If your body-mind is slow to wind down to get its well-deserved rest, here’s a potent technique to entice Mr. Sandman to visit you. Yogic Sleep is a powerful relaxation technique that you can do when you gain some control over the relaxation response. When practiced successfully, this technique can be as restorative as sleep — except that you remain fully aware throughout.

To induce Yoga Nidra, you must listen to a set of instructions, similar to guided meditation. You can listen to a friend reading the instructions, but listening to a recording by someone else or by you yourself is more practical.

One feature of this practice is to focus in relatively quick succession on individual parts of the body. Mentally name each part, and then sense it as distinctly as possible.

In the beginning, you may find actually feeling certain body parts difficult. Don’t let this setback dismay you; continue to rotate your awareness fairly swiftly. With practice, you can include in this circuit even your inner organs and all kinds of mental states.

Practicing Yoga Nidra before sleep is best because it’s an excellent technique for inducing lucid dreaming and out-of-body experiences during sleep. Lucid dreaming refers to the kind of dream in which you’re aware that you’re dreaming. Great Yoga masters remain aware even during deep sleep. Only the body and brain are fast asleep, whereas awareness is continuous.

The following steps show you how to perform Yoga Nidra.

  1. Choose a clear intention, and lie flat on your back, with your arms stretched out by your sides (or however feels most comfortable).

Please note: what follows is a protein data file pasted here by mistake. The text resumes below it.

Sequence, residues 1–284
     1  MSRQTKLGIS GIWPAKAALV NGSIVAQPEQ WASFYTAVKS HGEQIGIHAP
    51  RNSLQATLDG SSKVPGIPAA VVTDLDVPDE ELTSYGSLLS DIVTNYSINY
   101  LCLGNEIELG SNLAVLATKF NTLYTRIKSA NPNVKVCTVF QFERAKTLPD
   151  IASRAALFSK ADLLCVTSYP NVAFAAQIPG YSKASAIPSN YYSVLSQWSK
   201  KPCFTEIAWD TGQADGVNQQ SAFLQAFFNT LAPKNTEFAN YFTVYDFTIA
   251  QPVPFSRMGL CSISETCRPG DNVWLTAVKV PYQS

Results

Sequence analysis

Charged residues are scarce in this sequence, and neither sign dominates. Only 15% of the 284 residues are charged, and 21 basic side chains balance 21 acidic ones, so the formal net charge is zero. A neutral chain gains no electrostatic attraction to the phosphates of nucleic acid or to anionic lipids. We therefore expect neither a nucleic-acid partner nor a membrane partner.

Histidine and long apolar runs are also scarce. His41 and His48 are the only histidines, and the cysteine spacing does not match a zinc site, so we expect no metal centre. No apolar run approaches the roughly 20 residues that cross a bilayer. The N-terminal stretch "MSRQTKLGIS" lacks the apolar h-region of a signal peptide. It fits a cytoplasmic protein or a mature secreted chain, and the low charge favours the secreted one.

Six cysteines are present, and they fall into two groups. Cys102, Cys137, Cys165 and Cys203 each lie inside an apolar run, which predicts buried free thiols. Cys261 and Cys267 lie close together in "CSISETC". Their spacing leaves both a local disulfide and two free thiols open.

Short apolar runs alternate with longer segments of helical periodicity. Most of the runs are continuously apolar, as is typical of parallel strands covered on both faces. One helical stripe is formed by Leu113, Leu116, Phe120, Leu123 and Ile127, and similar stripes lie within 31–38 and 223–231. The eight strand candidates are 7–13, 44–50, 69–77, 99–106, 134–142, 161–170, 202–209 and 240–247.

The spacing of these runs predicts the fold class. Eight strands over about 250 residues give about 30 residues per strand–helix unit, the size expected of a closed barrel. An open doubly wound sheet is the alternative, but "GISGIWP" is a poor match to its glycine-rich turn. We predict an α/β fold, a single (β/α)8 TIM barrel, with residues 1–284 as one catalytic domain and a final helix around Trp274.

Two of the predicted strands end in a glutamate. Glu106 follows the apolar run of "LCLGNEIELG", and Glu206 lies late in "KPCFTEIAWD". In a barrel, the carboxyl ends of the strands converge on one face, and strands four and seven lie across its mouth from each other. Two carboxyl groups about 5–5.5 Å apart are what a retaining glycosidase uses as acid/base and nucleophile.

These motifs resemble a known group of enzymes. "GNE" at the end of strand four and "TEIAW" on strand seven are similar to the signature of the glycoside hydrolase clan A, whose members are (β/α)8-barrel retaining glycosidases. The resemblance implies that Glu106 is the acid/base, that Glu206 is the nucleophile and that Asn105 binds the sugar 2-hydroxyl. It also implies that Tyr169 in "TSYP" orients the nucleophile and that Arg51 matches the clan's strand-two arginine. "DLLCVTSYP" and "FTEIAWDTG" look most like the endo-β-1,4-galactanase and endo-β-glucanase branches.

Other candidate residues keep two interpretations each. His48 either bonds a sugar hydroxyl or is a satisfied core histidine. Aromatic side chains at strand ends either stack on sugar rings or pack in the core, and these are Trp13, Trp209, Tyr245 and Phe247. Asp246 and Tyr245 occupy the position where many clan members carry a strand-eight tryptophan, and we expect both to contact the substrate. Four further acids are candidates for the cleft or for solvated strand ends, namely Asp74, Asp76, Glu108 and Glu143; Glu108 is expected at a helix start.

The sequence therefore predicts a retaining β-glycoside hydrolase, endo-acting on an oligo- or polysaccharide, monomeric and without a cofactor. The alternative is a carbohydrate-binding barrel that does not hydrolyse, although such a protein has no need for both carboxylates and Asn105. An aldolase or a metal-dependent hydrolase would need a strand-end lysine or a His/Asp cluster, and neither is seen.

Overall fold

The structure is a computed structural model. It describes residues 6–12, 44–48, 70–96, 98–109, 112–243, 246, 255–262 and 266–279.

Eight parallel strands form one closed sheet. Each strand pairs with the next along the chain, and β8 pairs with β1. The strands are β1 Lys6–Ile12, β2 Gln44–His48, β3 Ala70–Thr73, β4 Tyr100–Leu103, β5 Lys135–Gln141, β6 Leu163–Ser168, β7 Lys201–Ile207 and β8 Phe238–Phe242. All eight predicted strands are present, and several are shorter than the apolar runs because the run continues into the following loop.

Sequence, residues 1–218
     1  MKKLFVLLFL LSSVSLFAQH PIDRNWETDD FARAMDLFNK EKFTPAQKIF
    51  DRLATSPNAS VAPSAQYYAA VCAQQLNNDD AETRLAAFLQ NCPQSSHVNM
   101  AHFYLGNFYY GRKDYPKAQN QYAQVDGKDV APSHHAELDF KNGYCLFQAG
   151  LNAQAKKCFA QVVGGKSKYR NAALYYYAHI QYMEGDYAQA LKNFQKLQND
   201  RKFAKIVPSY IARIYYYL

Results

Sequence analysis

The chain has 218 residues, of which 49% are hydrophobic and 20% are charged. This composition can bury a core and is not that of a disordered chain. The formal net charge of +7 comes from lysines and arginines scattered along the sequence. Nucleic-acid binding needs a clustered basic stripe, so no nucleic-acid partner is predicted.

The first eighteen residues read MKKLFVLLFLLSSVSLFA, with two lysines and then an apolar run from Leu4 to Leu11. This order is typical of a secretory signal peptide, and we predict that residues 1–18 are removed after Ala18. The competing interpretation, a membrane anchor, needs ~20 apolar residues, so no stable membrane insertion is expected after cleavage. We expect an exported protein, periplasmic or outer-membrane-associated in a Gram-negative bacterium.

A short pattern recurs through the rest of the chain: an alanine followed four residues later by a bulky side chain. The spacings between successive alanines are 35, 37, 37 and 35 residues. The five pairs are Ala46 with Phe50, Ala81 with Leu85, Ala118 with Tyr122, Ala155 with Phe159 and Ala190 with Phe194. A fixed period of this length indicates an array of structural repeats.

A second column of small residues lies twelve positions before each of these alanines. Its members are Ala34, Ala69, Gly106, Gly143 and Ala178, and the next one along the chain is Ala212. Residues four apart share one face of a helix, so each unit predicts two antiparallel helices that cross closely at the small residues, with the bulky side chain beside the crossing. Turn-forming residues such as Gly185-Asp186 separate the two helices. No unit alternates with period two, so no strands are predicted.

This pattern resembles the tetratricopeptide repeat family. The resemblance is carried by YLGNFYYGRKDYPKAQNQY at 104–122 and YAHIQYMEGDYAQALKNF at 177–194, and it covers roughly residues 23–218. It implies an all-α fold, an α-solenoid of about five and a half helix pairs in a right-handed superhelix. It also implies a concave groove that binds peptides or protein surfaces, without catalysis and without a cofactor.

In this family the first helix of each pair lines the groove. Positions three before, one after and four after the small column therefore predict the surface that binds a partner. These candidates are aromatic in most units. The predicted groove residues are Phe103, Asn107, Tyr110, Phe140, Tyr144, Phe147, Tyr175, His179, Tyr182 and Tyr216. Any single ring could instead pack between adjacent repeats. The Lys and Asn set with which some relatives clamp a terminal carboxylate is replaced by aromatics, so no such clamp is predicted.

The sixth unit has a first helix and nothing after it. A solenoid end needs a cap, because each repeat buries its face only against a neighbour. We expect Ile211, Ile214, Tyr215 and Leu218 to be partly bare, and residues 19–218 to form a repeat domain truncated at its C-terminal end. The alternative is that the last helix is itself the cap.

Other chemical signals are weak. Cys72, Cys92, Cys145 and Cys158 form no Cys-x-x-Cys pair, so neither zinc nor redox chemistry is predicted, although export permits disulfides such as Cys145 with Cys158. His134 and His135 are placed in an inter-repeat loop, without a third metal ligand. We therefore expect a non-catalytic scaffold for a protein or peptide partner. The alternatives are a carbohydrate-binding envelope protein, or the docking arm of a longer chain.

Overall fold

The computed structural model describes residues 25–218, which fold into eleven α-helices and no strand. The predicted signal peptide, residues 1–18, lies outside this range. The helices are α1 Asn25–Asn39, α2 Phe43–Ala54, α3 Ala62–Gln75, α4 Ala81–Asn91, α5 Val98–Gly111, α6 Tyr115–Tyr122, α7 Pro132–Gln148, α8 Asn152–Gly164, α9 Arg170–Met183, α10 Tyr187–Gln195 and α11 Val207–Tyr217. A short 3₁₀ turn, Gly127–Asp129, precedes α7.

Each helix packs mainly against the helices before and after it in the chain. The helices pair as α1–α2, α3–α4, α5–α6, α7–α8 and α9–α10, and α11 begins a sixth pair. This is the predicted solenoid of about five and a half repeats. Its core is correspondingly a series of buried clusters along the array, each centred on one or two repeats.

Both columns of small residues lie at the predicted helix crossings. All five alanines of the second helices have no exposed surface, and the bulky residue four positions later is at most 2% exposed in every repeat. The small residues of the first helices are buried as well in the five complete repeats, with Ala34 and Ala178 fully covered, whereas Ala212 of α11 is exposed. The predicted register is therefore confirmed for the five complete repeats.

Place a pillow or folded blanket behind your neck for support, and use another pillow or folded blanket under your knees for added comfort.

  2. Close your eyes.

  3. Repeat the clear intention you chose in Step 1 three times.

  4. Take a couple deep breaths, emphasizing exhalation.

  5. Starting with your right side, rotate your awareness through all parts on that side of your body — limb by limb — in fairly quick succession.

    Follow this progression: each finger, palm of the hand, back of the hand, hand as a whole, forearm, elbow, upper arm, shoulder joint, shoulder, neck, each section of the face (forehead, eyes, nose, and so on), ear, scalp, throat, chest, side of the rib cage, shoulder blade, waist, stomach, lower abdomen, genitals, buttocks, whole spine, thigh, top and back of knee, shin, calf, ankle, top of foot, heel, sole, toes.

  6. Be aware of your body as a whole.

  7. Repeat the rotation in Step 5 on the left side, ending with the whole-body awareness described in Step 6.

  8. Repeat Steps 5 through 7 one or more times until you achieve an adequate level of relaxation.

  9. Continue to be aware of the whole body and the space surrounding it, feeling the stillness and peace.

  10. Reaffirm your initial intention three times.

  11. Mentally prepare to return to ordinary consciousness.

  12. Gently move your fingers for a few moments, take a deep breath, and then open your eyes.

No time limit applies to your Yoga Nidra performance unless you impose one. Expect to come out of Yogic Sleep naturally, whether you return after only 15 minutes or a whole hour. Or you may just fall asleep. If you have things to do afterward, make sure you set your phone or meditation app for a gentle wake-up call. Don’t rush! Take your time to reintegrate with the ordinary world.

This is the most powerful yogic technique for personal change at the beginner level. Only the ecstatic state (samadhi) is more transformative. Several good recordings for practicing Yoga Nidra are available, but don’t be surprised to discover that the instructions vary from recording to recording.

About This Article

This article is from the book:

About the book authors:

Larry Payne, PhD, is the founding president of the International Association of Yoga Therapists and was named one of America’s most respected yoga teachers by the Los Angeles Times. Georg Feuerstein, PhD, was internationally respected for his contribution to Yoga research and the history of consciousness.

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